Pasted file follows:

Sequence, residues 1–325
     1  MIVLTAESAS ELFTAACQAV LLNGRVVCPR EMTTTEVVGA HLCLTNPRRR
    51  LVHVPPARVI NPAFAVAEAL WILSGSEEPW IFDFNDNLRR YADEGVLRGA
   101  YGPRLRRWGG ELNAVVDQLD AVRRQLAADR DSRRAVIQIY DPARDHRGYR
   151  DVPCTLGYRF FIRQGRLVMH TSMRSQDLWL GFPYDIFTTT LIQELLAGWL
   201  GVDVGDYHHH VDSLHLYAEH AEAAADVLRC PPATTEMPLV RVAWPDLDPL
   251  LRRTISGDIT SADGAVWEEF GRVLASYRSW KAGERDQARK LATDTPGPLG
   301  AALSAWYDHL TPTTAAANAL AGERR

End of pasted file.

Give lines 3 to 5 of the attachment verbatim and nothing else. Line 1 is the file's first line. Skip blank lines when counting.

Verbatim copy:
    51  LVHVPPARVI NPAFAVAEAL WILSGSEEPW IFDFNDNLRR YADEGVLRGA
   101  YGPRLRRWGG ELNAVVDQLD AVRRQLAADR DSRRAVIQIY DPARDHRGYR
   151  DVPCTLGYRF FIRQGRLVMH TSMRSQDLWL GFPYDIFTTT LIQELLAGWL